One of the challenges in this process has been complying with the ever changing recommendations from the CDC and LDH, according to McLin. “Currently, we have limited visitors in the hospital to assist in minimizing exposure for the community. All people entering the facilities on campus are required to go through screening prior to entry, which includes temperature taking and responding to a series of questions, and are provided a mask to wear at all times.  Many of our operations have been temporarily suspended to comply with the Governor’s orders and federal recommendations and we are currently reviewing actions plans to re-open services to the public in a safe and compliant manner. “

McLin also said that the hospital has been very fortunate to have such great cooperation between the parish leaders and local physician offices. “At the beginning of this pandemic we coordinated with all local physicians in the parish to ensure proper procedures were in place to care for potential COVID patients, conduct COVID testing, and monitor PPE for the parish.”

McLin also explained some of the advantages of being a community hospital, “our team is smaller which can make it easier to quickly implement drastic changes in operations. By maintaining close contact with the larger city hospitals, we have also been able to learn from the measures they have put in place.  We are a close community and our staff takes a family approach to caring for our patients going above and beyond to ensure patients and family members are comfortable. To provide an example, while we have limited visitors, we have implemented a mechanism to allow family members of patients to be able to video chat with their loved ones in our care and provide regular updates to those family members.”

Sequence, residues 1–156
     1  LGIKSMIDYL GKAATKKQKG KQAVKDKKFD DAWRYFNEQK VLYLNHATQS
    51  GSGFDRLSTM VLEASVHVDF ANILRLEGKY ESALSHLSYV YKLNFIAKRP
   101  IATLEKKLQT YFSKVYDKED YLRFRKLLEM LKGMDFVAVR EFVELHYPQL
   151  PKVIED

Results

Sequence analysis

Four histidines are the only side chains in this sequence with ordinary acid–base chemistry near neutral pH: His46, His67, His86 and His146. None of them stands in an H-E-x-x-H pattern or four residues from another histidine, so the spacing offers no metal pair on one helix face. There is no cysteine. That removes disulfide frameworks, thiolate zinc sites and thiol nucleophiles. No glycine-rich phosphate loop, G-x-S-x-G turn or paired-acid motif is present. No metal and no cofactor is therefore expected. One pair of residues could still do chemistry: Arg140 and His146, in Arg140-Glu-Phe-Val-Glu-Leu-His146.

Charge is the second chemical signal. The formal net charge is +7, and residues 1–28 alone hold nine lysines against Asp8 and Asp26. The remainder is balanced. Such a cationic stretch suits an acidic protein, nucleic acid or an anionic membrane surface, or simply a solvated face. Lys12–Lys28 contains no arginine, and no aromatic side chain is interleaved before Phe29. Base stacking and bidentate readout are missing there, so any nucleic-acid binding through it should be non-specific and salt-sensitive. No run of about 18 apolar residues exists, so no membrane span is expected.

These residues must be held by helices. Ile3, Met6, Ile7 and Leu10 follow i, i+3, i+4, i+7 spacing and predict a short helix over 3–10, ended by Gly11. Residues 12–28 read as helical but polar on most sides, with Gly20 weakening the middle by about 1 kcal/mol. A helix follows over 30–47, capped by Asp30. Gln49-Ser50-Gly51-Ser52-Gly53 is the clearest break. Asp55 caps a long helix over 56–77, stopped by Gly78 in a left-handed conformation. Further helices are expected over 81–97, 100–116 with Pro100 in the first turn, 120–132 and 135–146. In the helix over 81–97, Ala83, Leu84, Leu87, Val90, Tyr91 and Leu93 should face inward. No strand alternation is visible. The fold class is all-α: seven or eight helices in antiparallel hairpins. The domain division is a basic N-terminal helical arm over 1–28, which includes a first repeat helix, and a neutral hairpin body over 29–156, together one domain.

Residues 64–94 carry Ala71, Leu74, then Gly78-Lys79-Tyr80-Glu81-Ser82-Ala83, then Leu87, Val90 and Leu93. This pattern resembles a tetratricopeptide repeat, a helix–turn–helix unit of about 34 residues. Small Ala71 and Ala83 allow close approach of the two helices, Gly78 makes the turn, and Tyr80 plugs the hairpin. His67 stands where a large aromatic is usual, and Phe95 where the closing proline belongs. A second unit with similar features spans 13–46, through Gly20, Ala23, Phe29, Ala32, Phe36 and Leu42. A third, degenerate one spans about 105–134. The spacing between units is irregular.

McLin also said they are very thankful at the hospital for the outpouring of community support, including everything from donations of PPE from Demco and Entergy and meals from local restaurants for employees.

For updates on CDC/LDH guidelines as well as hospital procedures visit the hospitals Facebook page and COVID page on their website – www.wfph.org

 

Audubon Market is a Cornerstone to Our Community

Our local grocery, Audubon Market, has always been one of the cornerstones of our community, but  has become such a vital part of our health and well-being during this recent pandemic. They have been taking extra care to serve its community and keep it healthy.

Lisa Leblanc, owner, explained, “We are closing every night at 7:00 pm to allow extra time to do a full cleaning of the store. We are also sanitizing throughout the day. In addition, we are offering special shopping hours for seniors.” Leblanc explained that some parts of the pandemic have been challenging. “We often request pages of items to be sent in and then only receive partial shipments. The manufacturers cannot produce enough at this time. Also, we are paying extra attention to our employees’ health by taking temperatures as they arrive to work each day.”

Leblanc explained that this family run business has seen many changes over the years since the owners first purchased Feliciana Supermarket in 1989, located next to Hancock/Whitney’s current location. Original owners were John David (her father), Mike and Lisa Leblanc and Darrell David. Later Richard Jarreau joined the group. In 1999, they added the St. Francisville Market to their grocery line up.

Their current location, Audubon Market, was opened in 2015. “We had originally looked at locating our new store next to the Subway shopping center,” Leblanc said. “We delayed moving there and it worked out for the best being in this new location.” Leblanc explained that they are pleased to offer so many new services in the location. “It was past time to do it. Our parish has really grown and we are glad to offer so many new things like our bakery, sushi and specialty items.”

Lisa also explained that the community has been very supportive of the changes and challenges the market has faced during this pandemic. Audubon Market intends to continue their extra precautions until is safe to resume normal hours of operation and looks forward to that day.